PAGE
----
Patriots

Fantasy or Reality: Patriots season expectations

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Fantasy or Reality: Patriots season expectations

Opening day of the Patriots regular season is less than two weeks away, so what better time to make some predictions for key players on this team?

The "Uno Sports Tonight" crew did that Thursday, with Mike Flynn of 98.5 The Sports Hub and the Boston Herald's Steve Buckley stopping by to make some predictions on important questions involving Patriots skill positions.

The first question:  Will Stevan Ridley will surpass 1,300 yards rushing this season?

Flynn was not convinced.

"I got fantasy. I think he has the ability to do, the line to do it, but I think Blount is going to make the team and he's going to take away a lot of those  carries, Bolden will take those carries," Flynn said. "Vereen's your third-down back and they run so many different packages, just when you think you can tell who is the running back, they throw somebody else in there."

The next query moved over to the defensive side of the ball, and pondered the impact Chandler Jones could have in year two.

Following an opening six-sack season cut short by injury, can Jones reach double-digit sacks in his sophomore campaign?

Buckley was emphatic with his answer.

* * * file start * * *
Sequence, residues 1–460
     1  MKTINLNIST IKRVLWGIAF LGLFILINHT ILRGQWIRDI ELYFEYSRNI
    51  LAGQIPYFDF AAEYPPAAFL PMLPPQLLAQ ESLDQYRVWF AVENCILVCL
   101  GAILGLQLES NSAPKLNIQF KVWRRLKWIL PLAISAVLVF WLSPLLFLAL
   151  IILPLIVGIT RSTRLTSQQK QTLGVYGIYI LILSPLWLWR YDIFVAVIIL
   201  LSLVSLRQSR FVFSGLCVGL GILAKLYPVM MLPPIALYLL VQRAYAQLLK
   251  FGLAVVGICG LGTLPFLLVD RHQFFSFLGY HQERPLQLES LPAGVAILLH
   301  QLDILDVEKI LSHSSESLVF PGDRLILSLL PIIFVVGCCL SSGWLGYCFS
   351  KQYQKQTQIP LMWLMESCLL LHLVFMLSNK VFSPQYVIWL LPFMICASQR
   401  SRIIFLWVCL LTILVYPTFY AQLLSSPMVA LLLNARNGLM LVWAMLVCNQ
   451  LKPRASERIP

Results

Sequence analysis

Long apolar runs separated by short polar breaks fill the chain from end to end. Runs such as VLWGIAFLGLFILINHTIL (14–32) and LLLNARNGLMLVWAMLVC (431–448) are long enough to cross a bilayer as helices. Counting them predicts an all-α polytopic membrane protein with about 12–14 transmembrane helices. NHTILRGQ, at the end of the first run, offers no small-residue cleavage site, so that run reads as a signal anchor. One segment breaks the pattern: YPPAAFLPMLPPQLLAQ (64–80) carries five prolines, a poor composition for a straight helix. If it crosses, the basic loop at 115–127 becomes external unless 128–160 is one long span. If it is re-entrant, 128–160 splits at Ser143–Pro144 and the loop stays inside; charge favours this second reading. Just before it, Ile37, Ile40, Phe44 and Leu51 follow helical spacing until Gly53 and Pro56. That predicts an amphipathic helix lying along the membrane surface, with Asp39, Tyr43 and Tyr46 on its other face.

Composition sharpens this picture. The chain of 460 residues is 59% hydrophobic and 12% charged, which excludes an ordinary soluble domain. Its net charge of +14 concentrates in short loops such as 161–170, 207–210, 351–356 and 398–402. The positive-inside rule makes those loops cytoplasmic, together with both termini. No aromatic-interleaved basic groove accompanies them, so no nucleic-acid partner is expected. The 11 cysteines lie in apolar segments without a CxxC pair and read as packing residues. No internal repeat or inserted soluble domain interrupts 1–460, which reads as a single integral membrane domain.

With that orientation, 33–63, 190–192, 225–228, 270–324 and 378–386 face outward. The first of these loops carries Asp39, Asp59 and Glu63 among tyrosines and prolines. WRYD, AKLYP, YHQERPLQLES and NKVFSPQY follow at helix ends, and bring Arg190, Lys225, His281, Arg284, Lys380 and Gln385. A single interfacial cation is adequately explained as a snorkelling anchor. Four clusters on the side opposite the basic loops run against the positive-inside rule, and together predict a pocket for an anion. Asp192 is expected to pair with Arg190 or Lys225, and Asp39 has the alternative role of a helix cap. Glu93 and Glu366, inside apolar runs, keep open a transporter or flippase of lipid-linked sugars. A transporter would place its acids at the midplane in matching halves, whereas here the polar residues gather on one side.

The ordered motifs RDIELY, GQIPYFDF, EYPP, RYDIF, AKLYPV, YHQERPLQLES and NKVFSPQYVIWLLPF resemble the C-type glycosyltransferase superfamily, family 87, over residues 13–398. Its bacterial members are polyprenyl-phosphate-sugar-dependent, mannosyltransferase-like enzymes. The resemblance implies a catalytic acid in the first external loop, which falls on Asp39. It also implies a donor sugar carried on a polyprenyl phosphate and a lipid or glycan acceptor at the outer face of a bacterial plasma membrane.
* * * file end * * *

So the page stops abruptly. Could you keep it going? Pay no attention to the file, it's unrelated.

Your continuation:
"I think it's a slam-dunk reality because I think he is going to be a great, great player and I believe most of those sacks were early in the season." Buckley said. "So, when you factor in a year's experience and a year's health, I think he gets it."

Finally, the issue of Danny Amendola's health came to the table. 

The former St. Louis Ram has been no stranger to injury and if such ailments pop up again, the Patriots receiving corps could be in deep trouble.

Asked if Amendola can remain on the field for at least 14 games, Flynn would not even commit to that.

"I'm going to say fantasy. You know last couple years, has been injured," Flynn said. "You look at a couple of games, especially his big games, stuff over the middle, he may play 13, I think I'm going to go fantasy."

Do you agree with these takes? Any of these suggestions that you feel differently about? Have your say in the comments section below.

Former Patriots defensive end Chris Long is donating his salary

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Former Patriots defensive end Chris Long is donating his salary

PHILADELPHIA - Chris Long is donating the rest of his year's salary to increase educational equality.

The Philadelphia Eagles' defensive end already gave up his first six game checks to provide two scholarships for students in Charlottesville, Virginia. Now, he's using the next 10 to launch the Pledge 10 for Tomorrow campaign.

"My wife and I have been passionate about education being a gateway for upward mobility and equality," Long told The Associated Press. "I think we can all agree that equity in education can help affect change that we all want to see in this country."

Long signed a two-year, $4.5 million contract with the Eagles, including a $500,000 signing bonus and $1.5 million guaranteed. His base salary in 2017 is $1 million.